November 21, 2014
“Pro Rege et Grege” (translation: “for the king and the people”)
– Royal Danish Guard motto
In 1890, twelve women, including Danish immigrant Emma Thorsen, were in the final stages of facilitating the opening of The Danish Old People’s Home in Chicago. Together, this society of women organized a revolutionary establishment for that time, which emphasized dignified care for elderly Danes. Although optimistic, I’m sure none of them realized that The Home would go on to have such an extensive history here in America, exemplifying Danish tradition and pride for over 123 years.
That same year, and nearly 7,000 miles away in Copenhagen, a baby was born with the wonderful talent of song. His name was Lauritz Melchior and, like the ladies of The Danish Old People’s Society, he would go on to lead a successful life as a proud and influential Dane.
Lauritz Melchior would grow up to become a famous opera singer. He would travel all over the world, inspiring people with his performances on radio, stage and screen. His handprints are even immortalized between those of Arnold Schwarzenegger and Jimmy Stewart outside of the famed Grauman’s Chinese Theater in Hollywood! There’s no doubt that Mr. Melchior was a star.
However, perhaps even more fulfilling and gratifying to him as a Dane was his role as a member of The Royal Danish Guard.
Den Kongelige Livgarde (The Royal Guard, also called Royal Life Guards) is an infantry regiment of The Royal Danish Army. Founded by King Frederik III in 1658, it serves two important purposes: as a front line combat unit and to guard The Danish Monarchy. Being a member of the largest alumni club in Denmark (there are around 15,000 members around the world, 90% of them in the home country) brings both honor and prestige due to the history and tradition it embodies. The Danish Royal Guard is one of the oldest standing regiments in the world, at 356 years.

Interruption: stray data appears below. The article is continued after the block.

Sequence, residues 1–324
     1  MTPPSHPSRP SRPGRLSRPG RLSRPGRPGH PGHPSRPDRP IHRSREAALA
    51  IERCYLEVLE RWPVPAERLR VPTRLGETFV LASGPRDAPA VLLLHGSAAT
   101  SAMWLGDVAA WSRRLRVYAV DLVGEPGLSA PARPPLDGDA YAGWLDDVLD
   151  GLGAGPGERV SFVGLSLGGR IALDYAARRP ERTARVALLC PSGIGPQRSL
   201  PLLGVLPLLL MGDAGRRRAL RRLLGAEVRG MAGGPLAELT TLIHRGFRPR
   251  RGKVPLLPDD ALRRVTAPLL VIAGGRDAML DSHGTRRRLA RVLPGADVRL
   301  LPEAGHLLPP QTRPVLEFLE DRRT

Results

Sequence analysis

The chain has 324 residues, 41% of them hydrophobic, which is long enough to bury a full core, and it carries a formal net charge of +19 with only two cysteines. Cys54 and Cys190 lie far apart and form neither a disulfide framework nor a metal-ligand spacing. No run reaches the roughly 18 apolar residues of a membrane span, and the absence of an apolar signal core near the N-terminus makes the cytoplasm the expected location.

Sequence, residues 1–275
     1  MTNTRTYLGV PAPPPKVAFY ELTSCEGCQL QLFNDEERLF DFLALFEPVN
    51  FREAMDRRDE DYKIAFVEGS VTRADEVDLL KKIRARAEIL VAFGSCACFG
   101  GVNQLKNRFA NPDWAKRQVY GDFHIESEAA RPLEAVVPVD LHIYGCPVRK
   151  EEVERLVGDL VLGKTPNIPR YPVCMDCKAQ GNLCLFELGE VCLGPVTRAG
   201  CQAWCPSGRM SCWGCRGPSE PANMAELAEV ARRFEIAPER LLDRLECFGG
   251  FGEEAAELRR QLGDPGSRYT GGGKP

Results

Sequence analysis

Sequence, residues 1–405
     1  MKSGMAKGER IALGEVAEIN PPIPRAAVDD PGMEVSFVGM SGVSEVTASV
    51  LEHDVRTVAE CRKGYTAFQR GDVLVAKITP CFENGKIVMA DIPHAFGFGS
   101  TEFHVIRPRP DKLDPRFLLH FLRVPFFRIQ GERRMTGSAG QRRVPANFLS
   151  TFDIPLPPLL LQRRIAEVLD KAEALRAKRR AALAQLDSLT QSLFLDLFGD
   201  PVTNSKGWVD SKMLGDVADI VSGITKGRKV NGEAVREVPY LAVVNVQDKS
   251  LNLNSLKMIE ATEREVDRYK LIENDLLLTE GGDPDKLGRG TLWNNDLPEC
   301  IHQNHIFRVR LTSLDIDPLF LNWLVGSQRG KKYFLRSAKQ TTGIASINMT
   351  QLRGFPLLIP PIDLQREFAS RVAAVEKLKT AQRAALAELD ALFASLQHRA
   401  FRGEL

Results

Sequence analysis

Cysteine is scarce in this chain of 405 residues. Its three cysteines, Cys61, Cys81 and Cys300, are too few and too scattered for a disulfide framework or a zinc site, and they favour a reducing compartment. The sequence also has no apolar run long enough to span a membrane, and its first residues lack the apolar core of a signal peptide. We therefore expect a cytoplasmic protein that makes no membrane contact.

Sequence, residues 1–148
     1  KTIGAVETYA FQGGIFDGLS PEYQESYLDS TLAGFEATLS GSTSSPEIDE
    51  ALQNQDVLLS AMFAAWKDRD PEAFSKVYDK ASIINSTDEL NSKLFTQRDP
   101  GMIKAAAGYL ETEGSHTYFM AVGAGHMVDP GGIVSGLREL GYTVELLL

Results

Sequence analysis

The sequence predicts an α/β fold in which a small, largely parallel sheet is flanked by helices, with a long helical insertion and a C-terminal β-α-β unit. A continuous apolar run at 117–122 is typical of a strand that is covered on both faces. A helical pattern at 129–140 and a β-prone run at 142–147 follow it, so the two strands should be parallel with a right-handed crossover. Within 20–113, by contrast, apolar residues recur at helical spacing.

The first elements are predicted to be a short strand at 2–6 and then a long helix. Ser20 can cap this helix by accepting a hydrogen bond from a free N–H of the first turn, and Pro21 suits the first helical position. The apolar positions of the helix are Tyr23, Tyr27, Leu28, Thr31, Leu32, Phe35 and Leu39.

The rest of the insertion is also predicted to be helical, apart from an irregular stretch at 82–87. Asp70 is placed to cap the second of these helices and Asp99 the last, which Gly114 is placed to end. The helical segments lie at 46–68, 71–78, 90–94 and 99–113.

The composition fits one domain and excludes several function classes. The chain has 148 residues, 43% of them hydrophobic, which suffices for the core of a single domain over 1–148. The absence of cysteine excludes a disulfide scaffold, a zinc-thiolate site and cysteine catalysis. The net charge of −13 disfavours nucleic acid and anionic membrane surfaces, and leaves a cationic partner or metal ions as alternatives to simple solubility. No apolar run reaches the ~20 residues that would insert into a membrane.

In 1885 the very first Royal Guard Association began in Copenhagen, and in 1928 the first association outside of Denmark was started in New York. At the annual meeting in 1941, already a member himself since 1936 and now a famous singer, Laurtiz Melchior was elected chairman (and later president of DGU – what Danish Royal Guard Societies are called in Foreign Countries). He had hoped to use his celebrity to get people talking about the Royal Guards associations, and he succeeded.
“He started it all,” says Chicago Guards member Peter Diessel, and many other Guards would agree. Melchior opened the Los Angeles club in 1942, and then Chicago started the following year. He also began the customary “Fugleskydning” (bird shoot) events, annual meetings and customary celebrations that The Royal Guard Associations have come to be known for.
Peter Diessel and the various other members and supporters of The Royal Danish Guard Society over the years have sustained the Chicago area unit for the past 71 years. As Mr. Diessel describes, “we are a very proud club.” They hold an annual bird shoot (no actual birds are hurt) and he says the event is a great way for people to learn more about The Danish Royal Guard. This week, The Royal Guard visited The Danish Home in the traditional full uniform, bearskin hat, sabre and all, which hasn’t changed much since the late 1800s. The residents, including my Mormor, were excited to see The Royal Guards. As Mormor explained, so many residents of The Danish Home have served their country, and seeing The Royal Guards made her remember once again about the honor and sacrifice so many of her family members and friends gave. Hopefully I’ll be able to post a picture of The Royal Guards visiting The Home soon!
You can learn more about the Royal Danish Guard (and harrowing stories from actual members) here at the Museum of Danish America. Also, visit these Pinterest boards here and here for more about this post.